The First Thai Aeroplanes
Nieuport II
  One of the Nieuport II monoplanes from France, purchased by the Ministry of War, which arrived in Bangkok in 1913.
Courtesy Royal Thai Air Force Museum
       Meanwhile, back in Bangkok, the Ministry of War had authorized purchase of seven aircraft for its proposed flying unit; three Breguet biplanes and four Nieuport II monoplanes. A fourth Breguet was bought by Chao Phraya Aphai Pubet, a wealthy resident of Cambodian extraction, who donated the machine to the Ministry of War, such donations by the public were to become frequent in the next decade and p;klay an important part in building up Siam's fleet of planes.
     The three Thai pilots, together with the aircraft and a French mechanic, returned to their homeland by a lengthy route across Russia to Japan, witnessing a number of flying demonstrations on the way. They finally arrived back in Bangkok on November 2, 1913
  A Breguet biplane, bought in France and brought to Thailand in 1913.
Courtesy Royal Thai Air Force Museum


     Early this morning two Army aviators made their first flights in Bangkok. The Sports Club is the aviation ground at present, and at seven o'clock the two monoplanes and the biplane were brought out from the hangars in the grounds of the Police School, and taken across to the Sports Club ready for action. Evidently it was desired that the flights should be as private as possible, for quite an army of police were in attendance, and surrounded the race course. General H. R. H. The Prince of Bisnulok and Mme de Bisnulok were present to witness the flights--Mme de Bisnulok with a camera with which she ultimately "snapped" the machines--and a number of Army officers were also in attendance. Lieut-Col. Sakdi had out the Breguet biplane, while Commander Avond and Captain Tararn flew respectively with the 50 h.p. and 28 h.p. Nieuport monoplanes. Mr. Nicolle, the expert who has charge of the machines, superintended the final adjustments.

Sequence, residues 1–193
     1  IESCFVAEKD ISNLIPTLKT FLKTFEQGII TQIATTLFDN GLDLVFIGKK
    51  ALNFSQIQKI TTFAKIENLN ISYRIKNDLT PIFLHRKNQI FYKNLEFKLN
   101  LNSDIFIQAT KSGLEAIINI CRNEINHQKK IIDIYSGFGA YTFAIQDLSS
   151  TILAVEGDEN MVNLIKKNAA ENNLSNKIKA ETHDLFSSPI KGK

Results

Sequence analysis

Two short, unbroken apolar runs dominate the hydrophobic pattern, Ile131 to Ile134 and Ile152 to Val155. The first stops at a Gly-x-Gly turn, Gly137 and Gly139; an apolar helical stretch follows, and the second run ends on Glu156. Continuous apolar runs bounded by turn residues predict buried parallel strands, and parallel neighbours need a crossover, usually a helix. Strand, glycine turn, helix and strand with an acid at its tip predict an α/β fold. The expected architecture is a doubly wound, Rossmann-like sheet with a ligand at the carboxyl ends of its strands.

At half past seven the motor of the first monoplane was started, and the machine shot forward. A cheer went up from the assembled spectators as it rose into the air and sped across the golf links. Turning at the Sala Dang the aviator made the circle of the course, and then went over the links again to land. Bunkers seemed terribly prominent, but the aviator chose his spot, and the hum of the motor died down as he glided gently to earth.
     The second monoplane rose and sped straight away over the police school, then turning to the right and making a wide circle towards Sala Dang before coming back to the Club. A third flight was made and each time no hitch occurred. The landing, which is the most difficult manoeuver, never gave any trouble.
     Lieut.-Col Sakdi took his seat in the biplane, and drove across the ground, but he found that the motor was not running at full power and so did not attempt to rise. The defect was only very slight, however, and the machine will be ready to be flown tomorrow morning. The monoplanes ran splendidly, so the first morning's work was altogether very satisfactory.
(Newspaper clipping courtesy the Siam Society)

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